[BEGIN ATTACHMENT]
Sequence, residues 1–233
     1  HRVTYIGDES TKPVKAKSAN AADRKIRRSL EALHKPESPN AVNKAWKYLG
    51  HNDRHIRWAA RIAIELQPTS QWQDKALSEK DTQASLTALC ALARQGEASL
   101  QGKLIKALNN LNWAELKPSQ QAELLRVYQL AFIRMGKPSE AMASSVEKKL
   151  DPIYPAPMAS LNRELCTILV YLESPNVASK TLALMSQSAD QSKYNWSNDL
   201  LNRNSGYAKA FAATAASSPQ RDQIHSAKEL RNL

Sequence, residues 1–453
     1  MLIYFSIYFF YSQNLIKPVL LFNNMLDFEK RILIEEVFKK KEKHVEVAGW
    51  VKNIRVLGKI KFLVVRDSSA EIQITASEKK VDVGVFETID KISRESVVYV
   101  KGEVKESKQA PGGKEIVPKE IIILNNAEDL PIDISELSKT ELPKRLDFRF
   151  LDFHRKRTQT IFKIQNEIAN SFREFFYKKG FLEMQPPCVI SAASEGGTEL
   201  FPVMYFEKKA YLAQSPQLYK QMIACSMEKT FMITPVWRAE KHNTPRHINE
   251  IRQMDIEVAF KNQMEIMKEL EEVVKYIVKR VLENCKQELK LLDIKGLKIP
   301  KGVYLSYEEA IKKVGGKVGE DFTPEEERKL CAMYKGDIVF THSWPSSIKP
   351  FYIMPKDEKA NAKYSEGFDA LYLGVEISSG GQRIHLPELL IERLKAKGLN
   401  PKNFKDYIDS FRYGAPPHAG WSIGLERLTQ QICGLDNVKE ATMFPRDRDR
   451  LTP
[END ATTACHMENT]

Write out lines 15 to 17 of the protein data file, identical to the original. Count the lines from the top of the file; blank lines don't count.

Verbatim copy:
   351  FYIMPKDEKA NAKYSEGFDA LYLGVEISSG GQRIHLPELL IERLKAKGLN
   401  PKNFKDYIDS FRYGAPPHAG WSIGLERLTQ QICGLDNVKE ATMFPRDRDR
   451  LTP